An audit into the procurement of Covid personal protective equipment at Central Medical Stores Trust (CMST) has revealed that million-worth of N95 facemasks cannot be traced.
This is contained in a just released audit report, which cites weak controls as one of the factors that could have contributed to the loss of millions of Kwacha in the facemasks’ procurement exercise at CMST.
The report, which audit firm Graham Carr did, looked into four contracts pertaining to the procurement.
In one of the contracts labelled 546, the cost of 100,000 facemasks from Reliance Trading Company was increased from K147 million to K167. 58 million while the tender was already in motion.
“There is no evidence that the procurement directorate communicated to the IPDC, during a meeting held on June 1, that they had already received an invoice from Reliance Trading Company amounting to K167.58 million which was different from the Local Purchase Order amount of K147 million on 26th May 2020 before contract negotiations and IPDC approval,” the report reads.
On the same contract, the report notes that, out of the 100,000 N95 facemasks which CMST procured from Reliance Trading Company, only 83,420 have been traced to various district health offices, which means that 16,580 masks cannot be traced.
The masks were bought from Reliance Trading at K1,675.80 and CMST invoiced the Ministry of Health K1,770.00 which, when handling fees are included, comes to K29, 436, 600.00.
“This means that Ministry of Health was billed K29, 436,600.00 more for the N95 masks which have not been traced…
“IPDC failed its duty to closely follow and monitor the actual sequence of events and basically rubber stamped the already agreed prices by procurement directorate with the supplier,” the report reads.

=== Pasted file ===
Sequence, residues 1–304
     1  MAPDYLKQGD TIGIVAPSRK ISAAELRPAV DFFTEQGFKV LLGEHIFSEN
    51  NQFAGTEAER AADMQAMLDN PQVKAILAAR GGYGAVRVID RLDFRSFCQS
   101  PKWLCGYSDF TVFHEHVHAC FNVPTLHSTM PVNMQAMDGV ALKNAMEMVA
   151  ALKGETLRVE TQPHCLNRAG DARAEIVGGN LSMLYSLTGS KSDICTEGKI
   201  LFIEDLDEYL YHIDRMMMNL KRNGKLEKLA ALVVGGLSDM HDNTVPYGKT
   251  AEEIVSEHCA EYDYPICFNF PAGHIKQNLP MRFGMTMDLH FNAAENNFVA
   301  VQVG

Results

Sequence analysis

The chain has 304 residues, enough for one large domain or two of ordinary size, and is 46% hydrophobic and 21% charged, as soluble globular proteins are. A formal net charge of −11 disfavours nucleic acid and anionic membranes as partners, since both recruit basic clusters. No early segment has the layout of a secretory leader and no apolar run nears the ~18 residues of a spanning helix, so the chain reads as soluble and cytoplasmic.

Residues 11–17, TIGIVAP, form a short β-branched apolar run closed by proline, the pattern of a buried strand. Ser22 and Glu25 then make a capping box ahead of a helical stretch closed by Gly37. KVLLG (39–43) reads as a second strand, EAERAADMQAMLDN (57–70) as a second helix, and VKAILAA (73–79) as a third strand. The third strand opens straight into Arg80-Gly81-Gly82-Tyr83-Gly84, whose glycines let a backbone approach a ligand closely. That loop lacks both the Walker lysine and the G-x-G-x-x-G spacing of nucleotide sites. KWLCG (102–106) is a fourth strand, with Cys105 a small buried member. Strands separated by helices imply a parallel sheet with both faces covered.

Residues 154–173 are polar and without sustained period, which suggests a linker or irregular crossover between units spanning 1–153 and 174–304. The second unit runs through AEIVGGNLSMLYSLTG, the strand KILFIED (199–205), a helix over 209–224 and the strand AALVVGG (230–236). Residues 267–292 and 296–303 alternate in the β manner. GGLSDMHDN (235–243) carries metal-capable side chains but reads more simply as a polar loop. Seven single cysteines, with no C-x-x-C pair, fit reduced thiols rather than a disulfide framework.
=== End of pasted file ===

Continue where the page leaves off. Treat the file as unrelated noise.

The report also says 6,900 facemasks out of 64,500 procured from Galaxy Pharmaceuticals cannot be traced.
The facemasks cost K1,995.00 per item, which means the Ministry of Health lost K13,765,500.00 in the deal.
CMST spokesperson Herbert Chandilanga asked for more time before he could comment on the development.
Meanwhile, Centre for Social Accountability and Transparency Executive Director Willy Kambwandira has described the report as “detailed”.
“The report is well detailed. What remains is for authorities to take action on the individuals named. It is unfortunate that such reports come and go, with no action from the relevant authorities.
“The report clearly says that procurement laws were not followed; then, what next? What we, as an organisation, see is that we will start pushing such cases to court ourselves,” he said.
Malawi Health Equity Network Executive Director George Jobe said it was unfortunate that resources meant for the heath sector continued to be misused, thereby putting people’s lives at risk.
Jobe said those named in the report should face justice.
“This could just be an example of so many things happening. It could even be that our drug budgets are being plundered like that,” he said.